For the poetry unit Iíve decided to add a Dante assignment. We will read in class a few cantos of Danteís famous epic poem, the Inferno, which is a poem about traveling through hell and seeing various groups of sinners in their eternal punishment. The poem is filled with vivid imagery, or language which conjures in the readers head very vivid images of what is happening. The poem is very descriptive, and wonderfully creative. One of the fascinating things that Dante did was include people he knew personally and famous people he only knew of, like popes and political leaders, in the circles of hell. After we read and discuss Dante, students will have an opportunity to mimic the famous Italian poet and create their own poem about hell. It should be an interesting assignment.

One of the assignments Iíll likely do again involved "The Yellow Wallpaper" by Charlotte Perkins Gilman. The story was written in the early 1900s and is the first piece of feminist literature. Like with all the stories we read in class I tried to select an important element in the story, discuss it with the students, then create an assignment out of it. For this story, we focused on setting.

"The Yellow Wallpaper" is about a woman who has post-partum depression/psychosis (though thatís not explicitly clear in the story) and is given the "rest cure" as her treatment. For some of you currently in desperate need of a break, this might sound like a pretty nice treatment, but let me finish explaining. This woman was instructed to at the home she and her husband were renting for a few months and do nothingóno cleaning, no working (this is sounding pretty good, right?), no reading, no writing (eh, not so enticing after all), no visiting with friends, and no leaving the house (restful or not, that seems like a rotten deal). The only thing she was allowed to do was wander around in the garden a little bit, but other than that, she was just instructed to "rest" all day.

In addition to this treatment plan, the woman was required to be subservient to her husband. She had to agree with his decisions and abide by them. For example, in their rental home he selected the room theyíd stay in, despite his wifeís voiced concerns that the room made her uncomfortable. It was covered in hideous yellow wallpaper which had loud and wild patterns all over it. Over a period of time, the womanís already somewhat unbalanced state grew worse from a combination of factors.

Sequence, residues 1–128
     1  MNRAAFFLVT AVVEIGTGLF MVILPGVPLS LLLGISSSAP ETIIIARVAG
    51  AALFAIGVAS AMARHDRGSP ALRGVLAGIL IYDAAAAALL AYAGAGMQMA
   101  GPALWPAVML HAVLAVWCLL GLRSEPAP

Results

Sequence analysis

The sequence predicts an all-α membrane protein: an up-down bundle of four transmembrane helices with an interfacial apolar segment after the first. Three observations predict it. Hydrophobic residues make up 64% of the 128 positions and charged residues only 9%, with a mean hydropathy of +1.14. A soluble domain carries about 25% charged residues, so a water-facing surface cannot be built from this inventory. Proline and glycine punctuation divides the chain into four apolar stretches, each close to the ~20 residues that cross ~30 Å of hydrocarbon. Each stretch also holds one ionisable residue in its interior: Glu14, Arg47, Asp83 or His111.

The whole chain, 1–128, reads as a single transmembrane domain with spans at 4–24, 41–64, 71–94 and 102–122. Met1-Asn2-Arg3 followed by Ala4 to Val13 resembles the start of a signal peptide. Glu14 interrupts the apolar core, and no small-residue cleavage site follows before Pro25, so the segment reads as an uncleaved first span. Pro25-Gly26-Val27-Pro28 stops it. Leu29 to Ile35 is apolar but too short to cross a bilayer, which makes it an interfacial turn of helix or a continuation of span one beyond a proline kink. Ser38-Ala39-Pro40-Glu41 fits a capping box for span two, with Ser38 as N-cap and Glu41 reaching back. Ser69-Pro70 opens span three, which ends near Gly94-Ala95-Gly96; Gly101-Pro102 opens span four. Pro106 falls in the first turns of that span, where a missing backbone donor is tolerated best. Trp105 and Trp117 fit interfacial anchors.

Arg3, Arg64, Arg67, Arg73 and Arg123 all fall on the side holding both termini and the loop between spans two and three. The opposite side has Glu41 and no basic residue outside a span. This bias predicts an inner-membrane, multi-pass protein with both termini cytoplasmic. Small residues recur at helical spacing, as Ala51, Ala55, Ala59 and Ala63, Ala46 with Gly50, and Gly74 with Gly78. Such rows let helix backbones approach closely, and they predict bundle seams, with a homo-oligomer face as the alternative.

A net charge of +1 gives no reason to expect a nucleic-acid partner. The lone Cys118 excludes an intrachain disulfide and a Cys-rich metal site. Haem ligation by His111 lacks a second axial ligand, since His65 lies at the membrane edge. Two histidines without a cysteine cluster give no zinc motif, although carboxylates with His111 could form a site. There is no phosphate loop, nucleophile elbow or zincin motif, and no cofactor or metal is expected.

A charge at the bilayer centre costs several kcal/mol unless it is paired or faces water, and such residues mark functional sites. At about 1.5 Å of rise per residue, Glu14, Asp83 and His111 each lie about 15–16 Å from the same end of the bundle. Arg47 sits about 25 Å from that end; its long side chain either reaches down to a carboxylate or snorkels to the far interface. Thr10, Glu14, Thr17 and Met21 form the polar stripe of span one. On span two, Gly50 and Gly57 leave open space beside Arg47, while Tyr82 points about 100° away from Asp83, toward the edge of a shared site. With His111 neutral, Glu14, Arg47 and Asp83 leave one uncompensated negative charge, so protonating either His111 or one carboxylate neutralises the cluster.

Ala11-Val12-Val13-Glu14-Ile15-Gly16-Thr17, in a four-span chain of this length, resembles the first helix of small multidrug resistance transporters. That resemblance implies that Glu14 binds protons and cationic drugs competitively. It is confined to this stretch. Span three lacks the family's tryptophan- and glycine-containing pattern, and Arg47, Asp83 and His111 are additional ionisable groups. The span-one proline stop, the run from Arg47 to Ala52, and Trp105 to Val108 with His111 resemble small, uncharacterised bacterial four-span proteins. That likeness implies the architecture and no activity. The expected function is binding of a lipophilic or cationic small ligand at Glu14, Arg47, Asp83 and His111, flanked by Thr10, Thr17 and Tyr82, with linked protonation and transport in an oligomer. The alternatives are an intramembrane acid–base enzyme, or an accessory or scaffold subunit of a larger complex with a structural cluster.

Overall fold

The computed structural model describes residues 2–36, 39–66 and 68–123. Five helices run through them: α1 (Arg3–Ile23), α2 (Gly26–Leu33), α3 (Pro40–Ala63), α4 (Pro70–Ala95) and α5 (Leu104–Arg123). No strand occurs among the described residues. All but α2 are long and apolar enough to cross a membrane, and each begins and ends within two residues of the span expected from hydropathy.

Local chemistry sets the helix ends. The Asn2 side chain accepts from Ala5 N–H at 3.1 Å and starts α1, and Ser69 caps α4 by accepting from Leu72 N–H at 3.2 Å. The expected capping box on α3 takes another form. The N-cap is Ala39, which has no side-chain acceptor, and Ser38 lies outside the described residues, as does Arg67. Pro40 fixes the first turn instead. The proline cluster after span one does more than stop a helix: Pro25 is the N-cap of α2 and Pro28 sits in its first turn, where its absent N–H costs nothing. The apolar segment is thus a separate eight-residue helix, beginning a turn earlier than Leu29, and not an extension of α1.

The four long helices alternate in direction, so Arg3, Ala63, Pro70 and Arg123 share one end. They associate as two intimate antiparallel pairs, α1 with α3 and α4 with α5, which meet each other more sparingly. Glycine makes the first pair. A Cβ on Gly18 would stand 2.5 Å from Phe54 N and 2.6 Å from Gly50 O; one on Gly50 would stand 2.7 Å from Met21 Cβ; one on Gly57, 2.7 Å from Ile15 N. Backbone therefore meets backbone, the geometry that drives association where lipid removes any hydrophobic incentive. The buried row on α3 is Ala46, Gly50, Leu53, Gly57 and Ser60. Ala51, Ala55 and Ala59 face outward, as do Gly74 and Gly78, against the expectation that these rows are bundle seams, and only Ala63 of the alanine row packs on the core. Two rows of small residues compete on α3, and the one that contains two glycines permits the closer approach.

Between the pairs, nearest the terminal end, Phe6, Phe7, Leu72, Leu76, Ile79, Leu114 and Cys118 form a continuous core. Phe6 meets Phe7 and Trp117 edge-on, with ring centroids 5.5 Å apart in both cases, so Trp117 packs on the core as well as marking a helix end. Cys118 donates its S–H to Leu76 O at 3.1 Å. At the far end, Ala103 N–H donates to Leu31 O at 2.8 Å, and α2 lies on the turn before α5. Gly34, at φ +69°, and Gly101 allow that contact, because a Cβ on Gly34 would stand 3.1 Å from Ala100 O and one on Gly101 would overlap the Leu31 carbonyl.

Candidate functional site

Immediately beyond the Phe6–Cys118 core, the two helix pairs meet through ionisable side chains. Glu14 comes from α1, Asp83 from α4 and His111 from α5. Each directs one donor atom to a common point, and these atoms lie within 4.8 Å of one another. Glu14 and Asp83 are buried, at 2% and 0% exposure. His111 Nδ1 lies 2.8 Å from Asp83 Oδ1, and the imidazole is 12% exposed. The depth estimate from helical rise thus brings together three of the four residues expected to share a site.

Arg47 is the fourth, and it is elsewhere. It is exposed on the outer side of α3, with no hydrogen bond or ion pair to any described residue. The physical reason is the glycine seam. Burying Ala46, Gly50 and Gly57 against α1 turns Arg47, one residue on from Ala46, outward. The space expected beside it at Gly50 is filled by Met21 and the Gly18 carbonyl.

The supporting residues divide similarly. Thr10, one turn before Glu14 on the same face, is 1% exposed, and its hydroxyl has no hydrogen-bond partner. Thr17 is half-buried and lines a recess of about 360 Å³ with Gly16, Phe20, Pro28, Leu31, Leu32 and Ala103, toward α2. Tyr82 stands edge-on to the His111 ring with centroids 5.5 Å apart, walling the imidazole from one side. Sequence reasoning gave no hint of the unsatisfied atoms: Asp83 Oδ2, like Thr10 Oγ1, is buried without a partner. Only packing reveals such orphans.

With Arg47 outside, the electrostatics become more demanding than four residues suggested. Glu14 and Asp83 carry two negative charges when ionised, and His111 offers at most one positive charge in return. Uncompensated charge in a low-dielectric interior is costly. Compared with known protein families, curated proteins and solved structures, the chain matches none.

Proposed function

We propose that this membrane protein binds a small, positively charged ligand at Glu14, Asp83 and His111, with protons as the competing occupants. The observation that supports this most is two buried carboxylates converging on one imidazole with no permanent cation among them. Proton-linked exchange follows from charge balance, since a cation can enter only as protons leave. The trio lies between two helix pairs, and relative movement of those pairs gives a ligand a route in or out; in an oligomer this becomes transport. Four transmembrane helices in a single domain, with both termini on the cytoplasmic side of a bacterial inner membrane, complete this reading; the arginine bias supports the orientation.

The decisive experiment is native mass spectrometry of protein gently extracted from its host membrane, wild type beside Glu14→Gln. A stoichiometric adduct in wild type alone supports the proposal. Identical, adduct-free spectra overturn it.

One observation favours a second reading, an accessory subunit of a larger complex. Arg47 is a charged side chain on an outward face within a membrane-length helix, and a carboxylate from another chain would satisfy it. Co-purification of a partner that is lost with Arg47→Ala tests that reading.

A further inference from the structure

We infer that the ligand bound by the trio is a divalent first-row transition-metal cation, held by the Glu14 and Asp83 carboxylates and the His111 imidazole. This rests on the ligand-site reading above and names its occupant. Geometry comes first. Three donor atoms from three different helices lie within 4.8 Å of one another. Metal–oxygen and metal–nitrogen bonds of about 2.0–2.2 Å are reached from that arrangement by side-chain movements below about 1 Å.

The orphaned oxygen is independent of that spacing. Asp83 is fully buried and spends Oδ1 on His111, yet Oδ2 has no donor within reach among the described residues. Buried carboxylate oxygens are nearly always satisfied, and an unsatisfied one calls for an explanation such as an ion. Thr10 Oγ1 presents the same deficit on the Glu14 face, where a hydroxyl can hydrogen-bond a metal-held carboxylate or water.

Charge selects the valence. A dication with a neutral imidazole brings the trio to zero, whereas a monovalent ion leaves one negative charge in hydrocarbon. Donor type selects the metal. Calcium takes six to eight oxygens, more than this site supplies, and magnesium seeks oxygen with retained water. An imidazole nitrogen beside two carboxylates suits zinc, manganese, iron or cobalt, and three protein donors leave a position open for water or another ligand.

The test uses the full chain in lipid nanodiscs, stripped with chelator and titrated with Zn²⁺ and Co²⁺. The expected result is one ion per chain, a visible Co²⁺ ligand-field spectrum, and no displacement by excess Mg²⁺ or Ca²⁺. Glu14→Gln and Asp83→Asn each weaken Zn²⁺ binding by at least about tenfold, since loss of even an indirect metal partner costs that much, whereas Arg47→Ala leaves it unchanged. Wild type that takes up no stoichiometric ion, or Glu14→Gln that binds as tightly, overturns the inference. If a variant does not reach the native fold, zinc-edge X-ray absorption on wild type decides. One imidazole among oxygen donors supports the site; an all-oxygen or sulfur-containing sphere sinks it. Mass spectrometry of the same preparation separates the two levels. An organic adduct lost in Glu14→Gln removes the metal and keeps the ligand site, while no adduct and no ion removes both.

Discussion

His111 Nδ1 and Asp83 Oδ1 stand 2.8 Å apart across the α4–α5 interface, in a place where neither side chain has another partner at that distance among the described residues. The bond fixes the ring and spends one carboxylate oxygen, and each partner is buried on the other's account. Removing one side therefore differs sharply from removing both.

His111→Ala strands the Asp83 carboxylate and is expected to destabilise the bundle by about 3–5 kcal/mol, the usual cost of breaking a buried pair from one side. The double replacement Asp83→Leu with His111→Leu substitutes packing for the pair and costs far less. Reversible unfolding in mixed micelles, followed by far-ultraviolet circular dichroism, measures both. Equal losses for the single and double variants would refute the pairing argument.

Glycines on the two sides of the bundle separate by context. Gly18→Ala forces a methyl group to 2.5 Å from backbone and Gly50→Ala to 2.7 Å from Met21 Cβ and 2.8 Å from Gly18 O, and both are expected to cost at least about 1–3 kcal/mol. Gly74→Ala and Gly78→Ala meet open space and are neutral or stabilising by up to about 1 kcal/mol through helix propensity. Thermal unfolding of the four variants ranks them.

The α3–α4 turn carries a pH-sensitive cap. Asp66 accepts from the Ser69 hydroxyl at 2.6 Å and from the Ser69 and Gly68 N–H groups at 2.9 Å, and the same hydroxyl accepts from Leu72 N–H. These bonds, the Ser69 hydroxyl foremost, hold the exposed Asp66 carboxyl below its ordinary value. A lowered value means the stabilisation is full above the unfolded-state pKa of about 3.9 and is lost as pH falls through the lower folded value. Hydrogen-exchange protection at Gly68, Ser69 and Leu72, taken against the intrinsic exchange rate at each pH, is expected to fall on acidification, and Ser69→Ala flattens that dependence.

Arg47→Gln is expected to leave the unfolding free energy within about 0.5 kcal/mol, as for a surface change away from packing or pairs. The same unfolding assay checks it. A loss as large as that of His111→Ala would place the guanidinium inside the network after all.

She could do absolutely nothing and was forced to abstain from things she wanted to do, like writing and reading. Not only this, but she was contained in a room that bothered her. The yellow wallpaper eventually dominated this poor womanís entire consciousnessóshe looked at it, she thought about it, she dreamt about it, and she obsessed over it. It eventually drove her into madness.

Clearly the setting in this story is of great importance. The setting, the room with yellow wallpaper, is what causes this woman to go mad. Without this setting, the story is completely different. The woman might recover, the story may not end badly, etc. But if she were placed in a field of flowers, for example, the story, character, and ending would be completely different. After reading this story the studentsí assignment was to create their own story where setting played an equally important role, where their story would be completely different if the setting were changed.

Iím excited to deal with these topics and assignments with a different set of creative writers, but more than that right now is excitement, relief, and happiness at being halfway done with my first year of teaching.

To read other articles by Katelyn Phelan visit the Authors section of Emmitsburg.net

Read other articles by Katelyn Phelan